Here is what they found: (i) The usual – the illusion induces a drift and a drop in skin temperature on the real hand. Notably, these results were not as straightforward as one might predict – there was no proprioceptive drift for the controls and the drop in skin temperature was greater when the right hand was stimulated than when the left hand was stimulated. (ii) The effects were larger in patients than they were in controls. This supports previous findings using only self-report (iii) In the schizophrenic patients, the vividness of the illusion and change in skin temperature were related to measures of delusions.
One unexpected finding of their study was that of an out of body experience induced by the experimental protocol. They describe it at length and it is really quite intriguing – a good read. Rather than describe it again here, suffice to say that the illusion seemed to crack this individual’s entire sense of body ownership, not just that related to his arm. The experimental results and case study underpin the conclusion that schizophrenia is associated with a weaker and more flexible sense of body ownership.
The authors speculate on neural mechanisms and they focus on the usual suspect – the temperoparietal junction and the infraparietal lobe. These are the most frequent brain areas implicated in frank body disownership caused by damage – somatoparaphenia – and right temperoparietal seizure is associated with out of body experiences. They also raise the possibility of NMDA glutamate dysfunction in the mechanisms. That NMDA antagonists can mimic some of the symptoms of schizophrenia and are consistent with the development of schizophrenia seems consistent. The vividness of the rubber hand illusion is augmented in schizophrenic participants if they take ketamine, which is an NMDA antagonist. Finally, ketamine is the surest way to induce an out of body illusion experimentally.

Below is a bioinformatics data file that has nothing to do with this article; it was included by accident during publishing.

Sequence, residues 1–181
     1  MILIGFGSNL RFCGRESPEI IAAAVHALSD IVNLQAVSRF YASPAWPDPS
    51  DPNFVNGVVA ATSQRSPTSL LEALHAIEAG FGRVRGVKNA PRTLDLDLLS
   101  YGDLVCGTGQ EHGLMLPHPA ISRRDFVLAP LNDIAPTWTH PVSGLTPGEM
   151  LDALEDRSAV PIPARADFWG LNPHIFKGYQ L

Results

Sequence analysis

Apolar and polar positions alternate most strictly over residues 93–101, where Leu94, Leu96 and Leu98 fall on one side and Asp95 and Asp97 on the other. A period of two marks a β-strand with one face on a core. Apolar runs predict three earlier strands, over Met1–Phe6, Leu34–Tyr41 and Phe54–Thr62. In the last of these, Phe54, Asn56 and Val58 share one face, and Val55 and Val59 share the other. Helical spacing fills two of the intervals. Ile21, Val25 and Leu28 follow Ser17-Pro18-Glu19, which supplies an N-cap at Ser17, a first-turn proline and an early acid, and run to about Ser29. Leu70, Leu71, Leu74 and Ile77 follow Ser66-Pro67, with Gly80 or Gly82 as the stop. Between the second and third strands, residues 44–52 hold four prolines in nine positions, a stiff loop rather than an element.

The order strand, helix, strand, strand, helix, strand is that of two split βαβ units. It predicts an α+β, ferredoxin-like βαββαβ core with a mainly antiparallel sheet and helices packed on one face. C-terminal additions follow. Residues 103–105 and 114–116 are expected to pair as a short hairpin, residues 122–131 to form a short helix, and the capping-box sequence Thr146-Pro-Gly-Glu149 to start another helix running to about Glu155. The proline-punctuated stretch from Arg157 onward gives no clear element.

So, the paper itself is well worth a read – it is a fascinating story and some of the data are sufficiently different to published findings (including our own) to induce some speculation from the authors. Check it out here – it is freely available for download.
About Lorimer Moseley
Lorimer is NHMRC Senior Research Fellow with twenty years clinical experience working with people in pain. After spending some time as a Nuffield Medical Research Fellow at Oxford University he returned to Australia in 2009 to take up an NHMRC Senior Research Fellowship at Neuroscience Research Australia (NeuRA). In 2011, he was appointed Professor of Clinical Neurosciences & the Inaugural Chair in Physiotherapy at the University of South Australia, Adelaide. He runs the Body in Mind research groups. He is the only Clinical Scientist to have knocked over a water tank tower in Outback Australia.
Moseley GL, Olthof N, Venema A, Don S, Wijers M, Gallace A, & Spence C (2008). Psychologically induced cooling of a specific body part caused by the illusory ownership of an artificial counterpart. PNAS, 105 (35), 13169-73 PMID: 18725630
Peled A, Ritsner M, Hirschmann S, Geva AB, & Modai I (2000). Touch feel illusion in schizophrenic patients. Biological psychiatry, 48 (11), 1105-8 PMID: 11094144
Thakkar KN, Nichols HS, McIntosh LG, Park S, 2011 Disturbances in Body Ownership in Schizophrenia: Evidence from the Rubber Hand Illusion and Case Study of a Spontaneous Out-of-Body Experience. PLoS ONE 6(10): e27089. doi:10.1371/journal.pone.0027089
Morgan HL, Turner DC, Corlett PR, Absalom AR, Adapa R, Arana FS, Pigott J, Gardner J, Everitt J, Haggard P, & Fletcher PC (2011). Exploring the impact of ketamine on the experience of illusory body ownership. Biological psychiatry, 69 (1), 35-41 PMID: 20947068
Wilkins LK, Girard TA, & Cheyne JA (2011). Ketamine as a primary predictor of out-of-body experiences associated with multiple substance use. Consciousness and cognition, 20 (3), 943-50 PMID: 21324714